The Real Meaning of Hijrah (Hegira) for Muslims

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The Real Meaning of Hijrah (Hegira) for Muslims

Hijrah, or Hegira was the migration of Prophet Muhammad PBUH (year 622) from Mecca to Medina in order to escape persecution by the Kafir Quraish. The date represents the starting point of the Muslim era. Prophet Muhammad himself dated his correspondence, treaties, and proclamations after other events of his life. It was Sayyidina Umar bin Khattab RA, the second caliph, who in the year 639, introduced the Hijrah era.

Sayyidina Umar bin Khattab RA started the first year (After Hegira-ah) with the first day of the lunar month of Muharram, which corresponds to July 16, 622, on the Julian calendar.

The term hijrah has also been applied to the emigrations of the faithful to Ethiopia and of Muhammad’s followers to Medina before the capture of Mecca. Muslims who later quitted lands under Christian rule were also called muhājirūn (“emigrants”). The Khawārij (Kharijites), those Muslims who withdrew their support from the arbitration talks that called into question the right of the fourth caliph, Alī bin Abi Thalib, to the caliphate in 657 ce, used the term to describe those who joined them.

hegiraThe most-honoured muhājiriin, considered among those known as the Companions of the Prophet, are those who emigrated with Muhammad to Madinah. Muhammad praised them highly for having forsaken their native city and following him and promised that God would favour them. They remained a separate and greatly esteemed group in the Muslim community, both in Mecca and in Medina, and assumed leadership of the Muslim state, through the caliphate, after Muhammad’s death.


As a result of the Hijrah, another distinct body of Muslims came into being, the Anshār (“helpers”); they were Medinah people who aided Muhammad and the Muhājiriin. The Anshār were members of the two major Medinese tribes, the feuding al-Khazraj and al-Aws, whom Muhammad had been asked to reconcile when he was still a rising figure in Mecca. They came to be his devoted supporters, constituting three-fourths of the Muslim army at the Battle of Badr (year 624). When no one of their number was chosen to the caliphate to succeed Muhammad, they declined in influence as a group and eventually merged with other Muslims who had settled in Medina.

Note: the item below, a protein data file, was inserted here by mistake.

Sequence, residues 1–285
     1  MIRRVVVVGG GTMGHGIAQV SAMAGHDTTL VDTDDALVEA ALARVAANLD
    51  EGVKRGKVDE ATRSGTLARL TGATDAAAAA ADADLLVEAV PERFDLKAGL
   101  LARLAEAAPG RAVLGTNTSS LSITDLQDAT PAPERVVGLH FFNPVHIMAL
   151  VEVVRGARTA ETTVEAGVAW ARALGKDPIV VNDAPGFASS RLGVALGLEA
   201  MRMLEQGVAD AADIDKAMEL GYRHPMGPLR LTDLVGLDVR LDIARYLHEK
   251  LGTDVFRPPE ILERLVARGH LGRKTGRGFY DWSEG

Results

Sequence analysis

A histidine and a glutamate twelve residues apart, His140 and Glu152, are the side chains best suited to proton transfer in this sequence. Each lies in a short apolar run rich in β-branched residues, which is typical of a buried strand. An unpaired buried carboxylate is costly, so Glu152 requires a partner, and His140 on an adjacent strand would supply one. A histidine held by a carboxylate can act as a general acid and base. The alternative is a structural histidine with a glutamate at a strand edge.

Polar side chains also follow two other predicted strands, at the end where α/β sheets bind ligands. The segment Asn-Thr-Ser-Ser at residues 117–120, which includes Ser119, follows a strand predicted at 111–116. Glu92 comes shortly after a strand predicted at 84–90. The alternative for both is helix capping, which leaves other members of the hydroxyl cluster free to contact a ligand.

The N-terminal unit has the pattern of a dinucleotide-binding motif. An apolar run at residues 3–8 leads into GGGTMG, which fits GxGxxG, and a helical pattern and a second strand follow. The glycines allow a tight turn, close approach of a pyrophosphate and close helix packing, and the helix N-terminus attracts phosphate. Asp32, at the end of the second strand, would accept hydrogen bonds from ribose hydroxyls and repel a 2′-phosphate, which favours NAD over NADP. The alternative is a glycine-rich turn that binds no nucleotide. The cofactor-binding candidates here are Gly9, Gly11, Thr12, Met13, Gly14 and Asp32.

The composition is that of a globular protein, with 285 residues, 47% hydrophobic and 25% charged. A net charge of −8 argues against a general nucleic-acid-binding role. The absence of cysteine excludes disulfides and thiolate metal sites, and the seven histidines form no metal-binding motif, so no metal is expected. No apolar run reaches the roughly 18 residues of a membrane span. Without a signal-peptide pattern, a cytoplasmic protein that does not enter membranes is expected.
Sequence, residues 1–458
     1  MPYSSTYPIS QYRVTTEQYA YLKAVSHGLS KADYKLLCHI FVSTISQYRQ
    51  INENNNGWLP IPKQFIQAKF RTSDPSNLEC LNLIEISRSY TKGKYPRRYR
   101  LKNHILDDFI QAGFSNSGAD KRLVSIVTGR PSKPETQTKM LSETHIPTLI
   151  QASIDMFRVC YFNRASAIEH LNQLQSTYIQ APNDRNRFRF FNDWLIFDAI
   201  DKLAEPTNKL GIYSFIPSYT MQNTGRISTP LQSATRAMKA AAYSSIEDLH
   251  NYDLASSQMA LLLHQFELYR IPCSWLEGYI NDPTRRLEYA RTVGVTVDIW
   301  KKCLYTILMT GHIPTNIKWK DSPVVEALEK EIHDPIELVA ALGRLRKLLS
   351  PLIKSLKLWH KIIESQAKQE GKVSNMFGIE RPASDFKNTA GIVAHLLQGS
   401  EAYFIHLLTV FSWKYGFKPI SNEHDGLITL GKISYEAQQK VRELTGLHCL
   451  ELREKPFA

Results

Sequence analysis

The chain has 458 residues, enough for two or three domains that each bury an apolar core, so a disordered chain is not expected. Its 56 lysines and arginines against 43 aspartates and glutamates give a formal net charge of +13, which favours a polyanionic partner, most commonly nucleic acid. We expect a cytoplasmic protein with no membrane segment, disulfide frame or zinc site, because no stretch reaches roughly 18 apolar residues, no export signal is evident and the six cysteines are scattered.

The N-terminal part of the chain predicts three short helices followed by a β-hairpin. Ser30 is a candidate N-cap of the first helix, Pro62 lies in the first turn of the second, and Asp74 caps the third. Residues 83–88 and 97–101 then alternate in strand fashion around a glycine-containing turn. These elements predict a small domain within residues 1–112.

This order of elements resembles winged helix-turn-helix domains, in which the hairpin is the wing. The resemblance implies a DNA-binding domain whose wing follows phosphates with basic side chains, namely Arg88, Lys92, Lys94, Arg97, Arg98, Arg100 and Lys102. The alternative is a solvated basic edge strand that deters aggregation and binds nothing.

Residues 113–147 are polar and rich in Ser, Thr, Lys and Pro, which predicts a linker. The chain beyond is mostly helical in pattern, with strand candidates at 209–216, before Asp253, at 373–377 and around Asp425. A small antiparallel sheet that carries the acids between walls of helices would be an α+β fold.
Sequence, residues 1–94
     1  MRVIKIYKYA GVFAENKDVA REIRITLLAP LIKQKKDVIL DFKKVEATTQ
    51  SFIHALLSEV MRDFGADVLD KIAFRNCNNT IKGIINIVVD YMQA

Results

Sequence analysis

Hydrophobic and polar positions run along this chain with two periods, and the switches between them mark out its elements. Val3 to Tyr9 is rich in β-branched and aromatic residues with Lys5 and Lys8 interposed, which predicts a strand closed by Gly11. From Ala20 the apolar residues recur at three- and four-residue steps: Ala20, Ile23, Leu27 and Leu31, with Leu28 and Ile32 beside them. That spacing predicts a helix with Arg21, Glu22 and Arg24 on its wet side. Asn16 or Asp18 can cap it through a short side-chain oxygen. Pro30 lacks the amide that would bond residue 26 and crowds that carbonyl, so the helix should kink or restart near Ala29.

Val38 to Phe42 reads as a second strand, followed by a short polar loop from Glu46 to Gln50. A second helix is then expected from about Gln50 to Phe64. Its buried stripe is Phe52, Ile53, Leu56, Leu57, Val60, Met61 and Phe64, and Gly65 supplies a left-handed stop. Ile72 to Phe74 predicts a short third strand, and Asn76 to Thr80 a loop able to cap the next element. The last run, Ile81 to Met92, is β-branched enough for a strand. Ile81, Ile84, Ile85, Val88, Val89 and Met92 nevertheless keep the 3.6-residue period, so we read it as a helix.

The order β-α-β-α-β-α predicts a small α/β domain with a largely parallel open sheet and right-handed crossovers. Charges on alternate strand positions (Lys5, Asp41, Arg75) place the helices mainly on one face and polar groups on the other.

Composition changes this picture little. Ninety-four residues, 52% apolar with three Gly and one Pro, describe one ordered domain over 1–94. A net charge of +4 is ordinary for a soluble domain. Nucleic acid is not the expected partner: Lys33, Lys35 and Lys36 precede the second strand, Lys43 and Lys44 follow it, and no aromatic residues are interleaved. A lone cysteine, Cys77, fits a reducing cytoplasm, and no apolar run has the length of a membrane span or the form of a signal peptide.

According to Muslims tradition, after receiving divine direction to depart Mecca, Prophet Muhammad SAW began taking preparation and informed Sayyidina Abu Bakr Asshiddiq of his plan. On the night of his departure, Prophet Muhammad’s house was besieged by men of the Kaffir Quraysh who planned to kill him in the morning. At the time, Prophet Muhammad SAW possessed various properties of the Kaffir Quraysh given to him in trust; so he handed them over to ‘Ali and directed him to return them to their owners, and asked him to lie down on his bed assuring him of Allah’s protection. It is said that when Prophet Muhammad SAW emerged from his house, he recited the ninth verse of surah Ya Sin of the Quran and threw a handful of dust at the direction of the besiegers, rendering the besiegers unable to see him. Soon, Prophet Muhammad SAW joined Abu Bakr Ash-Shiddiq, left the city, and the two took shelter in a cave outside the city, protected by a spider’s web that Allah SWT has order the spider to create it. The next morning, the besiegers were frustrated to find Ali on Muhammad’s bed. Fooled and thwarted by Prophet Muhammad’s plan, they rummaged the city in search for him, and some of them eventually reached the threshold of the cave, but success eluded them as Prophet Muhammad is protected by Allah SWT. When the Kafir Quraysh came to know of Muhammad SAW’s escape, they announced heavy reward for bringing Prophet Muhammad back to them, alive or dead. Unable to resist this temptation, pursuers scattered in all directions. After staying for three days, Prophet Muhammad PBUH and Abu Bakar Ash-Shiddiq resumed their journey and were pursued by Suraqa bin Malik. But each time he neared Prophet Muhammad’s party, his horse stumbled and he finally abandoned his desire of capturing Prophet Muhammad PBUH. After eight days’ journey, Prophet Muhammad PBUH entered the outskirts of Medina around June 622, but did not enter the city directly. He stopped at a place called Quba‘, a place some miles from the main city, and established a mosque there. After a four-day stay at Quba’, Prophet Muhammad SAW along with Abu Bakr Ash-Shiddiq continued their migration to Medina, participated in their first Friday prayer on the way, and upon reaching the city, were greeted cordially by its people.

For us as Muslims, especially as the big family of Daarul Quran, wherever we stay, whether in Indonesia or overseas, the new year of Hegira means a deep contemplation of what we have done during the past years. Whether we shall become a better person, or remain an ungrateful person to Allah SWT depends on our determination and commitment to change our attitude and character in the new 1439 Hegira year.*****



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